In many ways, Hawboro is perfect.
Triad Stage Creative Director Preston Lane created it in 2010 as the setting for Providence Gap, an Appalachian Christmas folktale: a generic North Carolina town that, over time and four more plays, became an easy allegory for all North Carolina towns, each set against their own struggles with success, history, identity.
And like all North Carolina towns, Hawboro is not perfect.
“It’s becoming a place where all my writing is focusing,” Lane says now, in the lobby of Triad Stage a couple weeks before the world premiere of 2 Wolves and a Lamb, the latest in the Hawboro cycle.
In this one, a mayoral election threatens to tear the town apart along ideological seams. And like everything in Hawboro, Lane says, it dredges up essential questions.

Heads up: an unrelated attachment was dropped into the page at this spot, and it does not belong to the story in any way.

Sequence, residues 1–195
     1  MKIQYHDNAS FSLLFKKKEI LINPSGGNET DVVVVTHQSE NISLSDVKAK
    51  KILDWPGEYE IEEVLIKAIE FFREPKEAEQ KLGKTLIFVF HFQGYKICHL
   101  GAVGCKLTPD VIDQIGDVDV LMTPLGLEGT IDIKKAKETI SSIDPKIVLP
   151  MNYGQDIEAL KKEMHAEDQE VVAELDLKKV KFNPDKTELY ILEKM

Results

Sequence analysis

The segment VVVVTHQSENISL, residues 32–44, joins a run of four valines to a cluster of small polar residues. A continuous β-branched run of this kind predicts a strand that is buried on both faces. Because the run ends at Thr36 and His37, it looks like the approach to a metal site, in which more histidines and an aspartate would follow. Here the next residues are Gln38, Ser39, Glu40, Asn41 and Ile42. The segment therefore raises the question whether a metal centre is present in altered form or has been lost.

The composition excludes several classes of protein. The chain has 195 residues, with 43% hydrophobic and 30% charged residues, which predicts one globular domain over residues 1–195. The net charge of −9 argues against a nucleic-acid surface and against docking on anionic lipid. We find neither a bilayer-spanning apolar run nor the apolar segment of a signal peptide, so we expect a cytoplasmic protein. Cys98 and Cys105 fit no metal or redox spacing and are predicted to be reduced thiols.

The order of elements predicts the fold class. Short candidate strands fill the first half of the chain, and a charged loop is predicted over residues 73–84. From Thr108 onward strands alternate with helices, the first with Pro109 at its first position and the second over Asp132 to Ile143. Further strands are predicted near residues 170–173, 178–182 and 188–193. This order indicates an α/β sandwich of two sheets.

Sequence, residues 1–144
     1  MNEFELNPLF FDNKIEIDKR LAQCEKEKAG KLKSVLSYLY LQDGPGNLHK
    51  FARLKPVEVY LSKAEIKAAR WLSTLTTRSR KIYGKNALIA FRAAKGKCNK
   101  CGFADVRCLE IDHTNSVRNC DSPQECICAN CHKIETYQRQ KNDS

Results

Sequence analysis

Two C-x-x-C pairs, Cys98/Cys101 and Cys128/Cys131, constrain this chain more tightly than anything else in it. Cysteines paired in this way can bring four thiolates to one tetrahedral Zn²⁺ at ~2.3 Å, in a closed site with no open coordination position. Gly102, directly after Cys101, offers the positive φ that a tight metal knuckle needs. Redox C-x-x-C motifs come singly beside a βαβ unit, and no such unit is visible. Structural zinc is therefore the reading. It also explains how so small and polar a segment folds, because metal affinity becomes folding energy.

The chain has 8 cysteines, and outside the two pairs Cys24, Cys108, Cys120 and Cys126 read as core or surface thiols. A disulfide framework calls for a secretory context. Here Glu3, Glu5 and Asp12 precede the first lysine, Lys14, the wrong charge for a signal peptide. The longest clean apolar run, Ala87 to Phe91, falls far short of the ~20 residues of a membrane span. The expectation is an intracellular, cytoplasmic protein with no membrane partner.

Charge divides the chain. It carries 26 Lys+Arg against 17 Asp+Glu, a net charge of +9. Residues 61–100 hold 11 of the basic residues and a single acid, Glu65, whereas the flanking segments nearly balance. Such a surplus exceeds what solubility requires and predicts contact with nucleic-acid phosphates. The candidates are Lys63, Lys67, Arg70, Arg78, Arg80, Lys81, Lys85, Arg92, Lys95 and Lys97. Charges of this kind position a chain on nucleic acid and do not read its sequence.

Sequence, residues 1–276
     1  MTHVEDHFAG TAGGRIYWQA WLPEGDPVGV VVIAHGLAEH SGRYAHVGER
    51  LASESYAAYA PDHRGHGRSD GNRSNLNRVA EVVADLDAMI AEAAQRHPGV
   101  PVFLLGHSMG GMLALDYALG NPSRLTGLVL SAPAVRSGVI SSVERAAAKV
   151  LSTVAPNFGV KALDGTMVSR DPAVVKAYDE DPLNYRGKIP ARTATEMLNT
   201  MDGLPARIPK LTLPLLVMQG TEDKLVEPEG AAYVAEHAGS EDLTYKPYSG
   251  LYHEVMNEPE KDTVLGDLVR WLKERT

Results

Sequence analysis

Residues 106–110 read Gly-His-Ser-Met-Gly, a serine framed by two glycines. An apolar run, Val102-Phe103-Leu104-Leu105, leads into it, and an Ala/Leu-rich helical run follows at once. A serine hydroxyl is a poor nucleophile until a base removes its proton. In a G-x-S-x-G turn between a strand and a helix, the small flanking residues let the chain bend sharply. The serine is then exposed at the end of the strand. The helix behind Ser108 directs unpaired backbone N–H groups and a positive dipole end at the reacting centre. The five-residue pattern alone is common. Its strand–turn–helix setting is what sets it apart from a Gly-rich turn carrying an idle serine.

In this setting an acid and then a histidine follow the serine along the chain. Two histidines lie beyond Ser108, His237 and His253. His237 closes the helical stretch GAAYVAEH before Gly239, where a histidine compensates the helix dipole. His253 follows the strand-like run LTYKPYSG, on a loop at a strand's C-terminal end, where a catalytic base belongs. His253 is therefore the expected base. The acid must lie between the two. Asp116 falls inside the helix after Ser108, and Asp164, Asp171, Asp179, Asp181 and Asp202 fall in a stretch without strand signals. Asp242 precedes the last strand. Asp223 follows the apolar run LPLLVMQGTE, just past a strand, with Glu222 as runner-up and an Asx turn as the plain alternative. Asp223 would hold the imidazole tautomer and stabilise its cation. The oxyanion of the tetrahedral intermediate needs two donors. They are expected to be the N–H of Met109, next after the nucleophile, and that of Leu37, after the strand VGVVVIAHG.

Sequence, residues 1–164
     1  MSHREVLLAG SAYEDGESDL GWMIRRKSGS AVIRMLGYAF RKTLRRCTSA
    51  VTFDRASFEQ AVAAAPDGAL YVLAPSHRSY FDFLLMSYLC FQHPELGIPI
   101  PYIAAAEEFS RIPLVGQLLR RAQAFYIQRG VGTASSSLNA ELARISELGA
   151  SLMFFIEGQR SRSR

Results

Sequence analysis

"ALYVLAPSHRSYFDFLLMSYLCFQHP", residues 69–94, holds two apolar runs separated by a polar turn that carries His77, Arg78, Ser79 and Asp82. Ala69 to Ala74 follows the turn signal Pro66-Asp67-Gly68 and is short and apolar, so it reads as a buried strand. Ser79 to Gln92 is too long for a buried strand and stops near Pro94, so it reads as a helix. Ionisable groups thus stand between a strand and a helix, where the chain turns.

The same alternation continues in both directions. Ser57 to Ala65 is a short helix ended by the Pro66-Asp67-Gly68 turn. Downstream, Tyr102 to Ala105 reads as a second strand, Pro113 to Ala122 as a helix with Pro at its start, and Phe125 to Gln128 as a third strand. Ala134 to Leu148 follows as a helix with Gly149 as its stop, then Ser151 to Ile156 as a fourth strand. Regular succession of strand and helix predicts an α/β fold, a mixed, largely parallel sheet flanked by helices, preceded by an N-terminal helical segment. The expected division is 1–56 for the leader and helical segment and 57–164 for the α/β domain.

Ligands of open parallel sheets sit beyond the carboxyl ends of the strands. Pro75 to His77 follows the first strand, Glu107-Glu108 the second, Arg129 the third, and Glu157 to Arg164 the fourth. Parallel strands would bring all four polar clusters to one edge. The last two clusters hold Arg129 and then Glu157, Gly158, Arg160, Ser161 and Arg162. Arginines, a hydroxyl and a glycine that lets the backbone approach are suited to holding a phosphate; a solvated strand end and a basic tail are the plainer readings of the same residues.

“Do we live in a democracy?” Lane asks. “How do we elect people? Why do we elect people? And we wait for a scandal to happen.
“It’s Hawboro,” he continues, “so there’s a scandal around every corner.”
Most of the action in 2 Wolves takes place on the town square, grafted upon Triad Stage’s three-quarter thrust performance space. The play makes use of large video screens to advance the story — a practice Lane first employed in his interpretation of The Glass Menagerie many years ago, and which has been utilized throughout the Hawboro Cycle. There will be cameos by prominent Greensboro citizens throughout the run, Lane says, and the entire piece is interactive — the audience gets to vote at the end, which means Lane had to write two different endings.
And because conflict is Hawboro’s chief industry, Lane says the audience will be left with lots to discuss.
“In Hawboro,” he says, “the thing I’m doing is engage in a long-term conversation that’s about changing hearts and minds.